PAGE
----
Singapore's moment: Critical regionalism, its colonial roots and profound aftermath

Mark Crinson

Research output: Contribution to journalArticlepeer-review


Kenneth Frampton's version of the theory of critical regionalism turns on a dialectics between 'universal civilisation' and 'national culture' while relegating the political circumstances of his chosen architecture merely to a form of negation. Yet Frampton's source for this opposition, Paul Ricoeur, was writing directly about the cultural problems faced by anti-colonial liberation movements. This article returns critical regionalism to the immediately post-colonial moment of Singapore in the early 1960s. It explores the Singapore Conference Hall and Trade Union House (Malayan Architects Co-Partnership, 1962-1965) as an exemplary building of that period. Between colonialism and the rapid modernisation that would be unleashed on Singapore in the later 1960s, the building balanced particular forms of the regional with the universal forms of rationalism that modernism had come to represent. Bound up with this balance was another delicate negotiation. The building was the product and embodiment of the brief alliance between organised labour and the government of Lee Kuan Yew's People's Action Party. The article suggests that a better understanding of the building within these circumstances not only helps to give political, and specifically post-colonial, resonance to theories of critical regionalism, it also provides a counter-balance to Rem Koolhaas's dismissal of this period in Singapore's urban development. ©2008 The Journal of Architecture.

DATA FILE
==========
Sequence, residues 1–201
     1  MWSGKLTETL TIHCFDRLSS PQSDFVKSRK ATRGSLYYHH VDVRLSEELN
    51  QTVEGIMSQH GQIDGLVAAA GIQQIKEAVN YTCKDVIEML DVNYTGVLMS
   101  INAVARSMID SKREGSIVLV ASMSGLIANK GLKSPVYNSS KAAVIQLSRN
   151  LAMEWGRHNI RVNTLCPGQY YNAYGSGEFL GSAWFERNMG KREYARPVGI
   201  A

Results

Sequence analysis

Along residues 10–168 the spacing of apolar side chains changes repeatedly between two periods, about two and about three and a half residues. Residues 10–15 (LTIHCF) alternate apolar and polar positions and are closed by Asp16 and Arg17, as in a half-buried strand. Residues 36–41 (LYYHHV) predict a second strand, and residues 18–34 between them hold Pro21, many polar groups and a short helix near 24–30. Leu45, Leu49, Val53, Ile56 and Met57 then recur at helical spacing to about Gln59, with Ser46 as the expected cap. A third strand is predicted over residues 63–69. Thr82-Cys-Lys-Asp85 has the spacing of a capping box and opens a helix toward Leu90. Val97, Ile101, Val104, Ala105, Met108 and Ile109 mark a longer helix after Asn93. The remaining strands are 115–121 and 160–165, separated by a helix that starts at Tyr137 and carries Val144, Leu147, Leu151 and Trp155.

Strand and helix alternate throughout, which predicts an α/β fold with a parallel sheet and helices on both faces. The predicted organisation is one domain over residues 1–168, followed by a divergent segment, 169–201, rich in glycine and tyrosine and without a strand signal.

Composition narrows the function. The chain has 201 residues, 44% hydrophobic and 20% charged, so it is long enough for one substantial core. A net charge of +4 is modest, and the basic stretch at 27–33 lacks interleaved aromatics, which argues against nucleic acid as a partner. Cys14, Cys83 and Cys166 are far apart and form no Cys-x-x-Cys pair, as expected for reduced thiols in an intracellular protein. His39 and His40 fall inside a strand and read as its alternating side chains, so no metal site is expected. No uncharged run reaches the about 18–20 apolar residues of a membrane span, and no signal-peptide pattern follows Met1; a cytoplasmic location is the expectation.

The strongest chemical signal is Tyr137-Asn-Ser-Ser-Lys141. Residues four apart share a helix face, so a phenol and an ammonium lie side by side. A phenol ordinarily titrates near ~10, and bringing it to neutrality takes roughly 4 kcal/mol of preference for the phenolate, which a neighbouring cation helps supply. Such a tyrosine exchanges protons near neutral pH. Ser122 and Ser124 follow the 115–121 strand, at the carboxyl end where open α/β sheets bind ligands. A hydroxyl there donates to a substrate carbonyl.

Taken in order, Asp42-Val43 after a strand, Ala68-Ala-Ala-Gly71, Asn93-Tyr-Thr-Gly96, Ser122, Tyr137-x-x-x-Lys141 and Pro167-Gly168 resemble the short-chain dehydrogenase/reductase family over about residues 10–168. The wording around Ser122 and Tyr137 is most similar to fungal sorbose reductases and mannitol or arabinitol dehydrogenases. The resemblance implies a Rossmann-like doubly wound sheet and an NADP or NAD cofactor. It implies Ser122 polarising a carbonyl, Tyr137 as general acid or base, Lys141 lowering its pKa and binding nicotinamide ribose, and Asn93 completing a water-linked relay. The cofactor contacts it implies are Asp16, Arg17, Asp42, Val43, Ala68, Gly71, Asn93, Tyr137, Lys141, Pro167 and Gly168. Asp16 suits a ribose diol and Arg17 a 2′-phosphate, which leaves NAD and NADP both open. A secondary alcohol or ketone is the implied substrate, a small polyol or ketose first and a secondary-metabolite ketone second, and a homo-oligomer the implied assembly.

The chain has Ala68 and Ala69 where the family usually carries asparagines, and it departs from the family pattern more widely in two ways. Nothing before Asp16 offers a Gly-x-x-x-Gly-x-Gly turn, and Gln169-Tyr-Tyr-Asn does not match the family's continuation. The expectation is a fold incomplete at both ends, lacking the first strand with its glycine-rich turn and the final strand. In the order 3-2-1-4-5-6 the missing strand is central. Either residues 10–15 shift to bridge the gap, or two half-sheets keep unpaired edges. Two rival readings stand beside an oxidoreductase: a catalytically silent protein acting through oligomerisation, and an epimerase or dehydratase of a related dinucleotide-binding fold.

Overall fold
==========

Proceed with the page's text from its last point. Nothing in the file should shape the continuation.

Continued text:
Original languageEnglish
Pages (from-to)585-605
Number of pages20
JournalJournal of Architecture
Issue number5
Publication statusPublished - 2008


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